Meet Juneli, a young girl from Nepal who has epilepsy. Here she is on her wedding day – pictured second from the left in this beautiful photograph – together with her husband Madhav, her parents and her sister-in-day, as they pose for the wedding album. A charming family portrait.
Or is it? In truth all is not as it seems! Juneli isn’t getting married, in real life she doesn’t have epilepsy and none of the people in the wedding shot is related to her. Instead, these are all actors who took part in a docudrama made by Nepal Epilepsy Association supported by an IBE Promising Strategies Program grant.
And now that I have ruined it for you, by telling you how the plot ends, let’s return to the beginning and Act 1, Scene 1, Take 1!
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Despite the fact that Nepal has a wealth of cultural and natural diversity, up to 75% of the country’s population of 27 million people are still dependent on agriculture for a living and a significant percentage of people still lives below the poverty line.
Similar to the mean, approximately 1% of people in Nepal have epilepsy and many unrecorded deaths could be due to epilepsy and related diseases. Due to a shortage of health care centres, sufficient to meet needs, the majority of the population has no access to adequate healthcare.
With this background, the Nepal Epilepsy Association (NEA) produced a documentary that is providing a means of raising awareness through the media. The focus of the documentary is on the social stigma of epilepsy, its impact on society, and possible ways of prevention and treatment of the condition.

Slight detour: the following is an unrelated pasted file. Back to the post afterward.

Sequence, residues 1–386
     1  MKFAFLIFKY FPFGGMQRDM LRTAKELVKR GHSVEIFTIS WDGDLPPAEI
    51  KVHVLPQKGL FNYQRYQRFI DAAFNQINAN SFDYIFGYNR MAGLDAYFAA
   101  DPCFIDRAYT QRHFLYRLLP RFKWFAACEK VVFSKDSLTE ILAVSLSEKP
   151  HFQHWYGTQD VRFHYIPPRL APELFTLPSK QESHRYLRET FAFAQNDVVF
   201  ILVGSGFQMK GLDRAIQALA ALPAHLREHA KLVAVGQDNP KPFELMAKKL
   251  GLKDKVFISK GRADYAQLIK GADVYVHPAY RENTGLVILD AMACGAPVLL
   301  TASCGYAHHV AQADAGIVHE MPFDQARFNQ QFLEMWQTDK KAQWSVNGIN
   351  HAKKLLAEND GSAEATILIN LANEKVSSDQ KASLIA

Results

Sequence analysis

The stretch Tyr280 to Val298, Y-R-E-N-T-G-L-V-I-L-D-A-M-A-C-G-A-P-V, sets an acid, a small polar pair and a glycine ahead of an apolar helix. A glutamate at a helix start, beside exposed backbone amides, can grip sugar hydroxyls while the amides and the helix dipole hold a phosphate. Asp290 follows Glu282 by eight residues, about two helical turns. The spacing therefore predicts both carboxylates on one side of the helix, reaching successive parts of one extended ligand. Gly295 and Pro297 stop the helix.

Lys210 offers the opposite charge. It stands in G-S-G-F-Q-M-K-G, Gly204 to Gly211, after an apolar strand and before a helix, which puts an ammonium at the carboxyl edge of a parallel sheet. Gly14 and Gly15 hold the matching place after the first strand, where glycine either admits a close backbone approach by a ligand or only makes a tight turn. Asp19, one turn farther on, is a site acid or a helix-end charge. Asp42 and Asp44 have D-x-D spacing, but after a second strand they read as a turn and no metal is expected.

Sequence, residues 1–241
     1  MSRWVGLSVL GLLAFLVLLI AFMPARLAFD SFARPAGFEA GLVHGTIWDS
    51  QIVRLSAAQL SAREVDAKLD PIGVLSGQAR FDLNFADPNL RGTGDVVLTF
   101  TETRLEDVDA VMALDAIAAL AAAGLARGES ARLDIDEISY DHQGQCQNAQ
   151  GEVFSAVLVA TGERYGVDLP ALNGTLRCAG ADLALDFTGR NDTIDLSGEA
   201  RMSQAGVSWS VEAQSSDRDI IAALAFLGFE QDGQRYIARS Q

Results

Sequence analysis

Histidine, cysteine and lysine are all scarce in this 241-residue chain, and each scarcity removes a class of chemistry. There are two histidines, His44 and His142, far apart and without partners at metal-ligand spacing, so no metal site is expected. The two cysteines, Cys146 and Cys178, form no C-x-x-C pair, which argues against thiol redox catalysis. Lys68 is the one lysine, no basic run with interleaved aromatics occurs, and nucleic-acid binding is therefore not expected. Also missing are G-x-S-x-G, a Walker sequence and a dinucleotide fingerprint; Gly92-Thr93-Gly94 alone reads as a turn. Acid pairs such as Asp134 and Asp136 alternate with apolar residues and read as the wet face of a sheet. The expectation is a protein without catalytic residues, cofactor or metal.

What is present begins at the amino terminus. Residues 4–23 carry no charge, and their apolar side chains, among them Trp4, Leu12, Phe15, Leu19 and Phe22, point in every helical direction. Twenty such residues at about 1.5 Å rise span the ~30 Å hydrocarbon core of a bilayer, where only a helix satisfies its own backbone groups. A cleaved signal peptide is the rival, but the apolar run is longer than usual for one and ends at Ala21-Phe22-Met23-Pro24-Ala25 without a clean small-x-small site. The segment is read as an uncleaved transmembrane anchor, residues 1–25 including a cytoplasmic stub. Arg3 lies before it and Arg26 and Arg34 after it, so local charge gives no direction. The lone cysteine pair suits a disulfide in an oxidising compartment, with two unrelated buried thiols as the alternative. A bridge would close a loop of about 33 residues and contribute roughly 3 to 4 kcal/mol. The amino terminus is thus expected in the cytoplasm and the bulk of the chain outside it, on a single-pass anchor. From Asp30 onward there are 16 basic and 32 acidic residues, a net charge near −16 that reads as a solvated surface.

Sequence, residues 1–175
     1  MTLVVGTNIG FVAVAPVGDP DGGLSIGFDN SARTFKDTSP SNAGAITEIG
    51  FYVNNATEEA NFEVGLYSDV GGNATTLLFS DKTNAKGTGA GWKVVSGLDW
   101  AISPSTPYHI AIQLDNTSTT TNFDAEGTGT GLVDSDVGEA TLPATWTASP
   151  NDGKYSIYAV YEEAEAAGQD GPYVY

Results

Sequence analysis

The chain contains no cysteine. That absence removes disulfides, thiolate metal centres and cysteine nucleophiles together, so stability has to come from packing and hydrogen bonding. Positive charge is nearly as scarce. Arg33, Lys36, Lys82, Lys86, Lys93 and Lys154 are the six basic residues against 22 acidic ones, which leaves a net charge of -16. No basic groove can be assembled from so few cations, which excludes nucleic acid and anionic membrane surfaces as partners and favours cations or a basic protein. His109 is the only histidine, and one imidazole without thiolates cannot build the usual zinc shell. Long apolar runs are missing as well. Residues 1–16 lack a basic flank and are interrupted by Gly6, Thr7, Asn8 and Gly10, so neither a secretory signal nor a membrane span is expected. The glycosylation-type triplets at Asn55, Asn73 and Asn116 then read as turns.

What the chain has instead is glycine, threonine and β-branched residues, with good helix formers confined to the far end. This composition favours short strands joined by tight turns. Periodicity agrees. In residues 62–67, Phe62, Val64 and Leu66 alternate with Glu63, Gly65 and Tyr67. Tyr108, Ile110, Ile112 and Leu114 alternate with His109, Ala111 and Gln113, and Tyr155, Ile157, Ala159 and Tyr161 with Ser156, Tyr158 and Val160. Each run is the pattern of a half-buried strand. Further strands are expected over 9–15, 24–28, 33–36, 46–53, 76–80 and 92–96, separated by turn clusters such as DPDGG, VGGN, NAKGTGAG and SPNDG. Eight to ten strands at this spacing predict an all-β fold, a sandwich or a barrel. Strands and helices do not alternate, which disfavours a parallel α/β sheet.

Post production, the story of Juneli was televised on a number of national television channels including the government-owned channel. The documentary is also shown to local people when they attend one of NEA’s free epilepsy camps or its epilepsy clinics, which are based in Lazimpat, Kathmandu and Dolakha.
The film tells the life story of a young girl who has epilepsy, from when she is a young child, through her school years, to her wedding day and early married life. There are two different actors to play the part of Juneli, as she grows from a young child to a mature and beautiful woman!
According to Nepal Epilepsy Association, this docudrama, highlighting epilepsy, is the first of its kind in Nepal.
About the Promising Strategies Program
Introduced six years ago, in 2006, the IBE Promising Strategies Program (PSP) provides its less well off members with financial support for projects aimed at improving the quality of life of people with epilepsy. To date, PSP has supported 70 projects in 37 countries around the world, with total financial support in excess of US$300,000. The most recent call for Letters of Intent, for funding in 2013, will close at the end of November 2012.